VIEW VIDEO It occurred to me this past week that it’s been 25 years since my first book was published and I found myself at a convention in Nashville, Tennessee signing copies of my book, alongside a man named Tim LaHaye who had written a book called Left Behind, the first book in a cheerful little series of novels describing the end of the world and the annihilation of billions of people. Someone gave me a copy and I read the first chapter and laid it aside, convinced it would be the greatest flop in publishing history. But not for the first time, I had underestimated the public demand for bad theology and divine retribution and the series, eventually numbering 10 volumes, sold 80 million copies.
When I was a little boy in the Catholic Church, I would repeat the Apostle’s Creed with all the other Catholics, saying from memory that curious line, “and He will come again to judge the living and the dead,” but never taking it seriously because I sensed the adults around me weren’t all that persuaded of its reality. It was never discussed outside of church. Father McLoughlin never preached about it, and at our social gatherings, our conversations steered in the direction of Notre Dame football, which we knew to be God’s favorite football team. But Jesus coming down on the clouds next Tuesday and whisking the believers away to heaven while burning the evildoers, mostly Protestants, to a turn, simply wasn’t in our lexicon.
Then I became a Protestant and discovered other Christians ate this stuff up, morning, noon, and night. They sang about it, they preached about it, they prayed for it to happen soon. Today, this very moment. So be ready. So certain was their confidence, that one Christian I knew, a Jehovah’s Witness, gave away all his earthly possessions so he and his family could fly to heaven unencumbered, then had to move in with his in-laws, a hell of a different sort.
We’ve been reflecting on the virtues and vices of religion, and today I want to observe that while many Christians talk a great deal about hope and joy, there is, at the heart of their theology a deep undercurrent of despair and gloom. This darkness manifests itself in an apocalyptic worldview that gleefully anticipates not the restoration and renewal of the world and its inhabitants, but their destruction. It celebrates divine wrath, exalts the annihilation of billions of people, and praises the destruction of the only home we’ll ever know, all so they, the relative few, can enjoy a state of blissful perfection. Apocalyptic theology is Nazism on steroids, the twisted conviction that life will only be good when the “enemies” of God are destroyed.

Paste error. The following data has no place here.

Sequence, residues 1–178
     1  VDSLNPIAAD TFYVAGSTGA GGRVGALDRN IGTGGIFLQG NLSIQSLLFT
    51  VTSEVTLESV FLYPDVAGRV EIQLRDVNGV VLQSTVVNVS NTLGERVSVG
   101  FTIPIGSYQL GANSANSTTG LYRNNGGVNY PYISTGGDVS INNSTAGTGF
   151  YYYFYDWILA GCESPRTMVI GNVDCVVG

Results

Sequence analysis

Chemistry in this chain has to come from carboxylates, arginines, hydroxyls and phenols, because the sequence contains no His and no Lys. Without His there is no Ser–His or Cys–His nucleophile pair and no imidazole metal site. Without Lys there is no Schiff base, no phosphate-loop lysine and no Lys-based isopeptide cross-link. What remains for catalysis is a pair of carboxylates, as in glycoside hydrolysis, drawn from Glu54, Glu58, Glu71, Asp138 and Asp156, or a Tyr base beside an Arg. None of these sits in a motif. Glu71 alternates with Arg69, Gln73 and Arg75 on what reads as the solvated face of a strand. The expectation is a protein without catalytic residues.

We’re having a new well drilled at our farm, so I drove down there on Wednesday morning, which you might remember was a quintessential fall day in Indiana. The leaves were bright and fiery, the sun on full display. I passed a lovely white church, not unlike our old meetinghouse, nestled in a grove of oak trees.
There, amidst all that loveliness, was a sign that read, “Jesus is coming soon.” At first glance, it seemed like a harmless expression, often shared by those Christians whose earthly lives have been so painful and difficult that the second coming of Jesus would seem a sweet relief. Indeed, that was the origin of end-times theology. It originated in times of persecution and struggle as a means of encouraging powerless people to hold on and endure in the face of evil. It promised an end to their suffering and the eventual triumph of right over wrong. We tended to overlook the darker side of that theology, that for them to have their heaven, others would have their hell.
But what was once a fringe movement within Christianity has become a central theme for many Christians. Forty percent of American Christians now believe we are living in the last years, and therefore feel no need to address climate change or racial injustice or the global threat of Covid. Why bother if Jesus is coming soon?
Not only does this worldview encourage moral indifference, think what it says about God and our ultimate values. It says God is not the giver of life, but its destroyer. It says God is only able to achieve divine purposes through chaos, division, and murder. It says God is no better than Hitler, willing to unleash an apocalyptic Holocaust on the world in the hopes of creating a spiritual master race.
It is one thing to long for justice, to look forward to the day when all people everywhere will live in peace with one another. What moral person doesn’t want that? But to achieve it at the high cost of global warfare and widespread destruction offends every Christian virtue we have come to cherish. As Quakers, we long for justice, but do not believe a noble end can be achieved through ignoble means. The writer Madeleine L’Engle tells the story of a Christian dying and going to heaven, only to find it empty. Having anticipated reuniting with his family and friends, he is despondent, so goes to Saint Peter and asks where everyone is. “I’ve been looking forward to heaven for years, and I finally arrive and no one is here. Where has everyone gone?”
St. Peter says, “They’re with Jesus in hell, ministering to the damned.”
Now I don’t know if there’s a hell. I prefer to dwell in the certainty of this life, not the ambiguity of the next. But if there are those who are damned, I want my faith to offer them comfort, not condemnation. I take no pleasure in their demise, nor seek any blessing at the cost of their misery. I want for them what I want for myself—love, compassion, wholeness, and joy. As a Quaker, I believe no heavenly peace can arise from earthly violence. If God is imaginative enough to create the universe in all its spangled beauty, surely God is capable of bringing light to darkness, of bringing right from wrong, of restoring even the most broken among us. Should Jesus come again, it will be to heal, and never to harm, to bring joy and not pain, to bring hope and not despair.